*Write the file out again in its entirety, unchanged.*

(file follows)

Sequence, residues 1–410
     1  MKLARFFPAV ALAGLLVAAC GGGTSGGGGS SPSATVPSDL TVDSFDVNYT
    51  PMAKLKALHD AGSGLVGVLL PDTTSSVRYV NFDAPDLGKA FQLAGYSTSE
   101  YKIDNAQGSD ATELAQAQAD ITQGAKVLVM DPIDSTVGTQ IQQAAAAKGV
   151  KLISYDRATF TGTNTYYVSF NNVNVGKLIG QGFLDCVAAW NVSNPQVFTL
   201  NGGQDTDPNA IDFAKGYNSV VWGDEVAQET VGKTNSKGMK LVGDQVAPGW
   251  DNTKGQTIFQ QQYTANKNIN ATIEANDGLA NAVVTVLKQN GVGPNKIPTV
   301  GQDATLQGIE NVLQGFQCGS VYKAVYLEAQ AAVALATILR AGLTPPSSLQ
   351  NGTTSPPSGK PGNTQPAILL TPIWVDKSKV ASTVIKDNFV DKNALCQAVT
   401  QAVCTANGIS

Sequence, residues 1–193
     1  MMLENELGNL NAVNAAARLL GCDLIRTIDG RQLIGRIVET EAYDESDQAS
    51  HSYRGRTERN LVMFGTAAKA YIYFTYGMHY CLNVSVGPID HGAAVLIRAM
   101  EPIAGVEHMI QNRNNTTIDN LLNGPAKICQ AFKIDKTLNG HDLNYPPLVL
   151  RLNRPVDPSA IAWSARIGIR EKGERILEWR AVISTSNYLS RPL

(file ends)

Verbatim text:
Sequence, residues 1–410
     1  MKLARFFPAV ALAGLLVAAC GGGTSGGGGS SPSATVPSDL TVDSFDVNYT
    51  PMAKLKALHD AGSGLVGVLL PDTTSSVRYV NFDAPDLGKA FQLAGYSTSE
   101  YKIDNAQGSD ATELAQAQAD ITQGAKVLVM DPIDSTVGTQ IQQAAAAKGV
   151  KLISYDRATF TGTNTYYVSF NNVNVGKLIG QGFLDCVAAW NVSNPQVFTL
   201  NGGQDTDPNA IDFAKGYNSV VWGDEVAQET VGKTNSKGMK LVGDQVAPGW
   251  DNTKGQTIFQ QQYTANKNIN ATIEANDGLA NAVVTVLKQN GVGPNKIPTV
   301  GQDATLQGIE NVLQGFQCGS VYKAVYLEAQ AAVALATILR AGLTPPSSLQ
   351  NGTTSPPSGK PGNTQPAILL TPIWVDKSKV ASTVIKDNFV DKNALCQAVT
   401  QAVCTANGIS

Sequence, residues 1–193
     1  MMLENELGNL NAVNAAARLL GCDLIRTIDG RQLIGRIVET EAYDESDQAS
    51  HSYRGRTERN LVMFGTAAKA YIYFTYGMHY CLNVSVGPID HGAAVLIRAM
   101  EPIAGVEHMI QNRNNTTIDN LLNGPAKICQ AFKIDKTLNG HDLNYPPLVL
   151  RLNRPVDPSA IAWSARIGIR EKGERILEWR AVISTSNYLS RPL